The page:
President Trump loves claiming credit for Foxconn’s $10 billion plan to build a factory in Wisconsin. He even attended this past summer’s groundbreaking claiming at the time it happened “only because of me.”
By James DiGeorgia
President Trump claimed a big win this past week after one of the world’s largest electronics manufacturers, Foxconn announced it had changed its mind, about building a new $10 billion manufacturing facility for display-panels, and that it would not be creating the previously estimated 13,000 jobs in Wisconsin’s southeastern corner over the next 15 years.
After a phone call between President Trump and the firm’s CEO, the firm instead reversed course again and announced it would build the new plant. The President who has been hit with disappointments by General Motors, Harley Davidson, Carrier, and other companies recognized the decision by Foxconn could potentially be very damaging to his 2020 re-election prospects.
President Trump and former Wisconsin Governor Scott Walker had during the 2016 election campaign touted Foxconn’s new $10 billion plant as the beginning of a new blue-collar jobs revival. The jobs created were supposed to pay an average annual wage of $53,000 annually.
Wisconsin had outbid both Virginia and New York for the facility with $4 billion in tax breaks and incentives. Also, the state has already invested $190 million in land acquisitions, legal expenses and infrastructure expansion for the new Foxconn manufacturing plant.
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News of the change of plans from Foxconn, which cited changes in “the global market environment that existed when the project was first announced has changed.” This prompted President Trump to step in and call the company’s CEO Terry Gou. The call from the president convinced Foxconn on Friday, not to cancel the project. In a Tweet following the call President Trump wrote…
“Great news on Foxconn in Wisconsin after my conversation with Terry Goul!”
However, the reality isn’t one of a happy ending. Leading up to the latest flip-flop by Foxconn, there has been a steady plan to downsize the number of expected jobs that would be created by the new plant. Job reductions from 13,000 over the next 15 years to less than 5,000 jobs with the reduction specifically by the company in the numbers of estimated blue-collar jobs that will be created.
The fact is accelerating technologies in robotics and automated manufacturing over the next decade could reduce the number of jobs that will be created in Wisconsin by Foxconn to less than 3,500 according to analysts familiar with the industry. That would be an economic disaster given the investment the state of Wisconsin has committed to, by the former GOP governor. Who aggressively touted the Foxconn plant as central to his losing re-election campaign.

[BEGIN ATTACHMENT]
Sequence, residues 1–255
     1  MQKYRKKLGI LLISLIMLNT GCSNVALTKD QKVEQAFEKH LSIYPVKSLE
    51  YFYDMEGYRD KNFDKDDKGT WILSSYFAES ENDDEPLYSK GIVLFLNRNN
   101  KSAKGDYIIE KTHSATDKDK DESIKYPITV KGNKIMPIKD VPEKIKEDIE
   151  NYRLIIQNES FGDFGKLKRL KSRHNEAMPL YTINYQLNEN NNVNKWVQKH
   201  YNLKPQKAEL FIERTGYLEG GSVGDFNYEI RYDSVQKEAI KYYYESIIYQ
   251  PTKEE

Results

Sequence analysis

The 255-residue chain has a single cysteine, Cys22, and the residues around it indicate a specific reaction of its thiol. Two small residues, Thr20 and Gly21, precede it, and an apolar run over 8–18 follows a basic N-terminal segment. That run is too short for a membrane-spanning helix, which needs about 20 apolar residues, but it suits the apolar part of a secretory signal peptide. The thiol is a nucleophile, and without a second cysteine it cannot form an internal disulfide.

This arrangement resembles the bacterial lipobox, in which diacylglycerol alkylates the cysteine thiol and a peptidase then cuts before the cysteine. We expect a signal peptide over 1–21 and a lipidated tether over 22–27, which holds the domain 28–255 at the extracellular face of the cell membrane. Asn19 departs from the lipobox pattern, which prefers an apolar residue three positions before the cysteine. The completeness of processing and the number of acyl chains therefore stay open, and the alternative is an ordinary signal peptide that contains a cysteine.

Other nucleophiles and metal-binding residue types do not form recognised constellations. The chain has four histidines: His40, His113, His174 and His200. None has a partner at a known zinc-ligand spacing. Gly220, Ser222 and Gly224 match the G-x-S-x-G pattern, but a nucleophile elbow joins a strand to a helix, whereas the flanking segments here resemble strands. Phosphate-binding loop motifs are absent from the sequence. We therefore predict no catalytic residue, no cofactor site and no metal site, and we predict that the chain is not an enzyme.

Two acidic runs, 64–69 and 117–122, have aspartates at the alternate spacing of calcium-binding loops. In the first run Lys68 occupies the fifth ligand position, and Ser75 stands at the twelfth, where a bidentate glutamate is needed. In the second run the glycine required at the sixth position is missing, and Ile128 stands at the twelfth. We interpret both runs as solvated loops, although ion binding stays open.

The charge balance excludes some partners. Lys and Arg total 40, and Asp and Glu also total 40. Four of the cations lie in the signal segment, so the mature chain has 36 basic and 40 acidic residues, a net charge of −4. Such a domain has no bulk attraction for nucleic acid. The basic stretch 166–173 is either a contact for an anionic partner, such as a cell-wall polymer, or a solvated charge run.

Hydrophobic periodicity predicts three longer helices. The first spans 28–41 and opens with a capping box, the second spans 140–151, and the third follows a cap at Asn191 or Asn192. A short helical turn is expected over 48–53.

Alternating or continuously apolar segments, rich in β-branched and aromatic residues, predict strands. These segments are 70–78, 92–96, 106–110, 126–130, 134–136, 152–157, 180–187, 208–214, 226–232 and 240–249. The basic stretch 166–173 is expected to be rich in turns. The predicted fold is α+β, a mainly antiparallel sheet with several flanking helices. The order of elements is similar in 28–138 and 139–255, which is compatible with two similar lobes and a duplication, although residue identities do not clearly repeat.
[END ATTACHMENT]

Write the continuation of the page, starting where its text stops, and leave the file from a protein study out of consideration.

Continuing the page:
If Foxconn does create 3,500 new jobs, given the $4 billion in tax breaks and incentives including the $190 million in spending already, each job created will cost the state government more than $1.4 million each.
There’s just no way you can justify job creation at the cost of $1.4 million per job says Geoff Garbacz, the editor of SuperstockInvestor.com a resident of Wisconsin.
“The decision by Foxconn to build the $10 billion plant could end up being an enormous boondoggle for taxpayers of Wisconsin.”
“I understand President Trump, like all of his predecessors, likes to boast about jobs and economic development but this has the makings of an economic disaster all for one purpose – so he can take credit again where none is due.”
President Trump’s insistence of pointing to announcements by individual companies of job creation instead of focusing on broad economic improvements made under his administration is extremely dangerous. Trump routinely seizes on corporate investment news from General Motors, Fiat or Apple and uses these announcements in tweets and for rally applause lines. Announcements by companies like these can be fleeting in what can be rapidly changing economic environments. Especially, with President Trump’s trade wars slowing economic growth around the world.